Scenic USA - Wyoming

Fossil Butte National Monument

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Fossil Butte National Monument - Kemmerer, WY

Photo by Bob Fagley - Bob's Arches
Fossil Butte Cliffs inset - courtesy NPS
Diplomystus Fossil Fish from the James A. Hudgins Collection

     Just east of the Idaho border, Fossil Butte National Monument Fossil Butte National Monument Cliffs, Kemmerer, WY -  courtesy NPS in Kemmerer is often thought as America's Aquarium in Stone. Covering about 8000 acres, the high altitude park, ranging in elevation from 6500 to 8000 feet, remains frost free on average for only sixty days a year. This desert ecosystem, despite its extreme conditions, high altitude and frigid temperatures, is home to numerous pronghorn, porcupine, jackrabbits, eagles, coyotes and mule deer. Hiking the Historic Quarry Trail and the Chicken Creek Nature Trail are two of the best ways to experience the park's geology and wildlife.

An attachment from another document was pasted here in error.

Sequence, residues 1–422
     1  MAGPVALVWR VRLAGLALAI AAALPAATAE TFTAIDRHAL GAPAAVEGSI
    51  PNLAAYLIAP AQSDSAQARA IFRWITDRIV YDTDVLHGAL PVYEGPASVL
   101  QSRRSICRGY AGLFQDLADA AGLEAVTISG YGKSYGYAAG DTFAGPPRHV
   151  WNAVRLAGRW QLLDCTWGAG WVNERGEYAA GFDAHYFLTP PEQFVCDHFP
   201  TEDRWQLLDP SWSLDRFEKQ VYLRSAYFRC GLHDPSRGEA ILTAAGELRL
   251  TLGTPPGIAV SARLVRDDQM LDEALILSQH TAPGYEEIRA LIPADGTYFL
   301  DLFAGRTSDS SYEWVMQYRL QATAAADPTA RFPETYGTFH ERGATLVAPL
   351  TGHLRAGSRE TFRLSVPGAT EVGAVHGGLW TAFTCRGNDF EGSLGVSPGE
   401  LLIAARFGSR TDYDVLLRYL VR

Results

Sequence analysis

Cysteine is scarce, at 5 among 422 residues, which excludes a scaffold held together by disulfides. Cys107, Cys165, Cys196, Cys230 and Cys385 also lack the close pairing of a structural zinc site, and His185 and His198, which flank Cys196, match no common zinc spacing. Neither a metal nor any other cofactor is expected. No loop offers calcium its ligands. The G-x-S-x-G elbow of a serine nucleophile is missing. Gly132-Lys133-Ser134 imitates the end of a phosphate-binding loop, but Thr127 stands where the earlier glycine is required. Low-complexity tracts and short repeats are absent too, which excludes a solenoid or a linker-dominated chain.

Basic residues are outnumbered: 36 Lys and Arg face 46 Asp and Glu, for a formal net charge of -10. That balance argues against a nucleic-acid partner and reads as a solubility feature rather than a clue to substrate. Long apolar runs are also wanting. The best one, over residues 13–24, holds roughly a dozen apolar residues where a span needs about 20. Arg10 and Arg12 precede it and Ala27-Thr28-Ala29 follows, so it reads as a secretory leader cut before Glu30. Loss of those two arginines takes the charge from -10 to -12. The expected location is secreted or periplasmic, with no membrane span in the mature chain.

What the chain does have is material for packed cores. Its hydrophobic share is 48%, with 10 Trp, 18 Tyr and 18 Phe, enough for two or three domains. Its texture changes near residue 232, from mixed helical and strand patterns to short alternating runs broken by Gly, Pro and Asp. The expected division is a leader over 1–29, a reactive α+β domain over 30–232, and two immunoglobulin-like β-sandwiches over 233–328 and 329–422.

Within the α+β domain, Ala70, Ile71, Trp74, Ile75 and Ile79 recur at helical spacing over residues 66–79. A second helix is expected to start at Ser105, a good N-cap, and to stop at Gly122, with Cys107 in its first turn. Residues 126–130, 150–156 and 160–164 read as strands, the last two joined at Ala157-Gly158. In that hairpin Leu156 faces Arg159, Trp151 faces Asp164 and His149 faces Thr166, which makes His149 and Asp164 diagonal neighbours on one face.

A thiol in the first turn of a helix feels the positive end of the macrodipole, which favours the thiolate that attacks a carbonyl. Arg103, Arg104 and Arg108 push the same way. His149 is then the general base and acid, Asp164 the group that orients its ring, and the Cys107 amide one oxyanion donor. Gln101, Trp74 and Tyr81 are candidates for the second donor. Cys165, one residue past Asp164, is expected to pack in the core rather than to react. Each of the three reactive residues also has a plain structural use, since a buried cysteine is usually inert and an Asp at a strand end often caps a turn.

The name Fossil Butte does little to indicate something extraordinary is going on here at the national monument. As you may discover over the Quarry Trail, most of the park's wildlife was buried in Fossil Basin sediment during the Eocene Epoch more than 35 million years ago. Discovered by Union Pacific Diplomystus (Fossil Fish) Green River Formation, WYRailroad workers in the late 1860s, the park's ancient lake bed contains hundreds-of-thousands fossilized animals and plants. Enclosed in fine-grained lake sediments, these rare and delicate fossils are among some of the best preserved specimens in the world. Lying sandwiched in multicolored layers (strata) of rock, the Green River Formation holds the skeletal remains of fish, birds, turtles, bats, dog-sized horses and insects. Even crocodiles are found buried in Fossil Butte's rock matrices.

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